Monday, March 27, 2017

Making Kafar's Dream Come True

Kafar Hassan with mentor Dean Amadon

Ethiopian refugee Kafar Hassan's dream is coming true. Forced to leave his son Robel behind in Johannesburg, South Africa where they had found safe haven for several years, Kafar arrived in Hartford's Asylum Hill neighborhood in 2013 when resettled by local Catholic Charities Migration, Refugee and Immigration Services. In Asylum Hill he found welcoming support and eventually an opportunity to succeed.

A life saving network of Hartford organizations and individuals collaborating to focus Kafar's commitment to succeed led to his March 24, 2017 graduation from Manchester Community College's Precision Manufacturing Program. With a hard-earned career-advancing cerification in hand, coupled with a good paying highly technical manufacturing job starting March 27, Kafar's dream of reuniting with Robel is closer than ever.

Attending Kafar's graduation was an uplifting highlight for me and several other members of the Asylum Hill Neighborhood Association's (AHNA) Welcoming Committee there to cheer him on, and congratulate him for a job well done. Kafar's success and the team that cleared his path is featured in  guest blogger Tim Blonsky's article that follows. Tim is Advanced Manufacturing Coordinator at Capital Workforce Partners. His article highlights what can be accomplished when a community comes together to welcome a newcomer.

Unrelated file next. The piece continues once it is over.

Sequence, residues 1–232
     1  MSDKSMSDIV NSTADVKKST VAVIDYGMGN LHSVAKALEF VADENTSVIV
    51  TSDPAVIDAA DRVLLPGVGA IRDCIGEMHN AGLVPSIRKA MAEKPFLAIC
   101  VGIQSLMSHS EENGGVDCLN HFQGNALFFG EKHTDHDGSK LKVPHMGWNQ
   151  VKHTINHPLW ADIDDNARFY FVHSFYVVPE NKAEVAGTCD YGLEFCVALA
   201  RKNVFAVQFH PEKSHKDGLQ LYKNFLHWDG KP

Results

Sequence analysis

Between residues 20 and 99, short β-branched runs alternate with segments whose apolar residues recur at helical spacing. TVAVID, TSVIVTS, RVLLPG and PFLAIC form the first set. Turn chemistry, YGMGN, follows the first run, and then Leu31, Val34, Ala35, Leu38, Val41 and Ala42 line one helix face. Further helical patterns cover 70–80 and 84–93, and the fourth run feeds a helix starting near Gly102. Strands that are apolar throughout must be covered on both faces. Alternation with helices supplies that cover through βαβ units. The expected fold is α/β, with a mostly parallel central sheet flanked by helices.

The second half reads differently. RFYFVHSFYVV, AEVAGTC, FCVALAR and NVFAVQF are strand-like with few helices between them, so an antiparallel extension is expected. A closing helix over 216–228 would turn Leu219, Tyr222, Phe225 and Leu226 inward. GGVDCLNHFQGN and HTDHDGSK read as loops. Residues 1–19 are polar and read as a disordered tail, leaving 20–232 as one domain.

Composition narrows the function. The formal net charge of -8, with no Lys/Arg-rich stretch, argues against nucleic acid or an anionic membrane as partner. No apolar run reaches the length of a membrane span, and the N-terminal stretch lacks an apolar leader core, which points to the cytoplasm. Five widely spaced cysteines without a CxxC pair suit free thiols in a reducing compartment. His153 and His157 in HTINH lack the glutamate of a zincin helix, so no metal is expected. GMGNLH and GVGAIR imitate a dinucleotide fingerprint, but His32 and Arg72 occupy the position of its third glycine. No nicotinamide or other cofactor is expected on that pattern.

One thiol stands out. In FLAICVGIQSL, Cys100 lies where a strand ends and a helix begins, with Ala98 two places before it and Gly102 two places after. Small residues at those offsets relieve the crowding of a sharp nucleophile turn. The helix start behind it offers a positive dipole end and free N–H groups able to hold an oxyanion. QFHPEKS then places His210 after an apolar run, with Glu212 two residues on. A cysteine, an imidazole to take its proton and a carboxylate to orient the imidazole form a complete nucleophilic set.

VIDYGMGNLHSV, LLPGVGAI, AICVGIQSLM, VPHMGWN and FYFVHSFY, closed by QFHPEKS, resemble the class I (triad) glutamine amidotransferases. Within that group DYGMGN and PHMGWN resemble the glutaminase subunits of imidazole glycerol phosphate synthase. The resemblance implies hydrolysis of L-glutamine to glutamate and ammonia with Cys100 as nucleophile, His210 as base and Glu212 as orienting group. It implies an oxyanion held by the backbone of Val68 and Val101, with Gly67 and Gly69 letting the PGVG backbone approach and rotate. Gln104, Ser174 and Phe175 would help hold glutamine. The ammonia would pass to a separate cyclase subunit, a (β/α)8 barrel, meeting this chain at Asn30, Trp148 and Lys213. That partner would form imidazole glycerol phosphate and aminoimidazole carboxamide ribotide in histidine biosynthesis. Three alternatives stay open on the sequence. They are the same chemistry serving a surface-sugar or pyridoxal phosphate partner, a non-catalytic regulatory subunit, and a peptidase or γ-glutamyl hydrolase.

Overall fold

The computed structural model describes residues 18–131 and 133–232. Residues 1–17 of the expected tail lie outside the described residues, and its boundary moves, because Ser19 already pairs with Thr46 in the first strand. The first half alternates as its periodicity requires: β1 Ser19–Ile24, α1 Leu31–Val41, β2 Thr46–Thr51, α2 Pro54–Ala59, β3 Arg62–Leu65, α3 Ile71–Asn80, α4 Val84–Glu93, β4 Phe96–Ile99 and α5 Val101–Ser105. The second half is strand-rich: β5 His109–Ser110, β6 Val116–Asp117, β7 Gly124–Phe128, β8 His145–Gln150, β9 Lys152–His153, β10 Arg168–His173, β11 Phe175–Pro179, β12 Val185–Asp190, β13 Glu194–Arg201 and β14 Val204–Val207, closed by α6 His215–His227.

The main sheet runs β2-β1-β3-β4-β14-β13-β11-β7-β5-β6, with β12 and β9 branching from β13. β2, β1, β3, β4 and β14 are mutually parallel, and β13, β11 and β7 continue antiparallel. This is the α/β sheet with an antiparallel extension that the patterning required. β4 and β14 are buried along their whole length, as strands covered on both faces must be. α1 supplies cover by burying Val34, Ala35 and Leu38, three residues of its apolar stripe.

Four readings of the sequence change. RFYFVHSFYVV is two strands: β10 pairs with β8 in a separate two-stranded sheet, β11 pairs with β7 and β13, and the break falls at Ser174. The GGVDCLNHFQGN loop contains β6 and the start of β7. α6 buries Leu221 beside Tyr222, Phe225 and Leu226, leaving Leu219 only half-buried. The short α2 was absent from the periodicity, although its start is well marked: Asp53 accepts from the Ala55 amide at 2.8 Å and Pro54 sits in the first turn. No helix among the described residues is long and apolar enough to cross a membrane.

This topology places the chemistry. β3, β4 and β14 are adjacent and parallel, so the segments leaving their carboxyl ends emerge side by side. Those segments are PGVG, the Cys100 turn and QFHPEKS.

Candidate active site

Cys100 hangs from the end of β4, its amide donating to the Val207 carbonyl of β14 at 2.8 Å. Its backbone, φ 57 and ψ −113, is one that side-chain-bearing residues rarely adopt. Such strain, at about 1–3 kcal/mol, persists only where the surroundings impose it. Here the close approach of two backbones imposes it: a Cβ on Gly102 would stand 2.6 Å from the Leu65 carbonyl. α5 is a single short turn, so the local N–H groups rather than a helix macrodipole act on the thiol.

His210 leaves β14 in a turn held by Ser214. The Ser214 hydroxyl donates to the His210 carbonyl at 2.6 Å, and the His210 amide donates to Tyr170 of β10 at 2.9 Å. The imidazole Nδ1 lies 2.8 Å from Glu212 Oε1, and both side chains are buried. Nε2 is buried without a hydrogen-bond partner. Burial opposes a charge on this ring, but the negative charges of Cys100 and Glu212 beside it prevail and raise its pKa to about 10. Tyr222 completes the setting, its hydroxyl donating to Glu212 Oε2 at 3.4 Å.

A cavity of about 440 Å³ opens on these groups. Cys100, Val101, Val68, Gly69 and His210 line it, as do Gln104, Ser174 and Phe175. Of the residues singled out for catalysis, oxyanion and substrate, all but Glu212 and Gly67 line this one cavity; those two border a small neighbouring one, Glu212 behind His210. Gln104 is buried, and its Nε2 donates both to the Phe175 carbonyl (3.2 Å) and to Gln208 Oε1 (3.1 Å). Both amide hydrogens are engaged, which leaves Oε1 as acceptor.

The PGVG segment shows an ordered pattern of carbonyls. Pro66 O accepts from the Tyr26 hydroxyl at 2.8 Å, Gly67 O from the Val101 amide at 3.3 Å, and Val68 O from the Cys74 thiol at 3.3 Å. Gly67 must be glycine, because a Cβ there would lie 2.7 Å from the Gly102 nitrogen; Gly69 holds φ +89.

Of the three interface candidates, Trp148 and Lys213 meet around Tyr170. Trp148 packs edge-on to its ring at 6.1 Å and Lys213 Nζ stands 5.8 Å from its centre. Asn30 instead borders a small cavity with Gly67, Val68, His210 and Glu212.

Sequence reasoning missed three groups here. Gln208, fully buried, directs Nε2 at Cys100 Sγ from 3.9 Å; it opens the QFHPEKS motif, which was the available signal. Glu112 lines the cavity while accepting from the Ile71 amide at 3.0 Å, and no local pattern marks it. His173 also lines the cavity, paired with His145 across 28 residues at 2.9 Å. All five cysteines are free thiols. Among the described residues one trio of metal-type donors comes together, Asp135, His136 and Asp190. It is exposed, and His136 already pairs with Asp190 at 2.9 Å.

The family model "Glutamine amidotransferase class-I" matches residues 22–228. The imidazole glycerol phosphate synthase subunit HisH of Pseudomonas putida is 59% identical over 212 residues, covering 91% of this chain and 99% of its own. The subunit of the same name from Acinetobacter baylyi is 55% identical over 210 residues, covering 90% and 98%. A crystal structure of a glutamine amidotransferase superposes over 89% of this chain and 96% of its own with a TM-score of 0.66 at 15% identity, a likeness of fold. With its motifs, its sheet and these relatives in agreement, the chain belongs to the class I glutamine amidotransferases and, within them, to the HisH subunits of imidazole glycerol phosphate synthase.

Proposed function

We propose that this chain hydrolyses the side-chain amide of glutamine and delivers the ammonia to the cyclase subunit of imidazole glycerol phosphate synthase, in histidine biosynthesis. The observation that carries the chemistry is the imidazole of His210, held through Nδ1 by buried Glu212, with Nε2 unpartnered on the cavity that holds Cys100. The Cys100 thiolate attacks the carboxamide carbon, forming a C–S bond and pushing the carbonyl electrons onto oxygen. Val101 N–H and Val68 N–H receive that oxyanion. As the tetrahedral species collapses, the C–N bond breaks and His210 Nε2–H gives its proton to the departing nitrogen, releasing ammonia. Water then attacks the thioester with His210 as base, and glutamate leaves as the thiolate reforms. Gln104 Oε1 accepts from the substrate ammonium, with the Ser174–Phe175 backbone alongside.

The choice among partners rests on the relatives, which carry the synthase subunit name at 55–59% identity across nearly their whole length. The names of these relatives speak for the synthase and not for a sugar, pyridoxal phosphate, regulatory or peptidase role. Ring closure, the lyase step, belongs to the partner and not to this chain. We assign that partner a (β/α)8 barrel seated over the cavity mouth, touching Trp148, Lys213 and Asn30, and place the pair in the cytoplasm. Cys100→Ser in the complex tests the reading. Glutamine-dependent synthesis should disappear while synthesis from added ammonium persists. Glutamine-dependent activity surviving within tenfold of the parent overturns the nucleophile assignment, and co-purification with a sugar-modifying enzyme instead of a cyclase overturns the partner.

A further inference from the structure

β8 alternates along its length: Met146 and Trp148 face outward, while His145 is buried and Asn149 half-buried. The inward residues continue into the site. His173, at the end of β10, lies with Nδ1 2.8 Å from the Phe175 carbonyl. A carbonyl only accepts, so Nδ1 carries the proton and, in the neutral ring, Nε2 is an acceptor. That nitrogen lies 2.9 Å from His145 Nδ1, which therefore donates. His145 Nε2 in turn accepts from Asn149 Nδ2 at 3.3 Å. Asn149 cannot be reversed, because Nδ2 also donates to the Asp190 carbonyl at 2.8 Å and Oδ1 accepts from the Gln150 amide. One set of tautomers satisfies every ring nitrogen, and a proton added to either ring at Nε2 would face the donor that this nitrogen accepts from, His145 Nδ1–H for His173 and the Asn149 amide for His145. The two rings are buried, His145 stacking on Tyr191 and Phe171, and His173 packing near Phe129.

Be inspired. Be encouraged. Be energized.

Don Shaw, Jr
Writer and Editor

Kafar Hassan's Advanced Manufacturing Graduation
A Time for Dreams to Come True 
by Tim Blonsky
Advanced Manufacturing Coordinator 
Capital Workforce Partners   

Kafar's Opportunity: Capital Workforce Partners' Advanced Manufacturing Program

Capital Workforce Partners, working with partners from education and business, is pleased to announce the successful graduation of a number of previously under- and unemployed individuals who received certificates in Precision Manufacturing CPM/CAM 4 from Manchester Community College’s (MCC) Great Path Academy program on Friday, March 24, 2017.

Capital Workforce Partners’ Advanced Manufacturing Program, made possible by both federal and state grant investments, has led to ten participants successfully graduating on March 24 who will be placed in manufacturing jobs. This program is meeting one of the greatest challenges facing advanced manufacturing today -- a labor shortage of trained workers much needed to sustain growth. The current generation of incumbent workers nearing retirement is leading to the critical need for the next generation of well-trained, advanced manufacturing workers.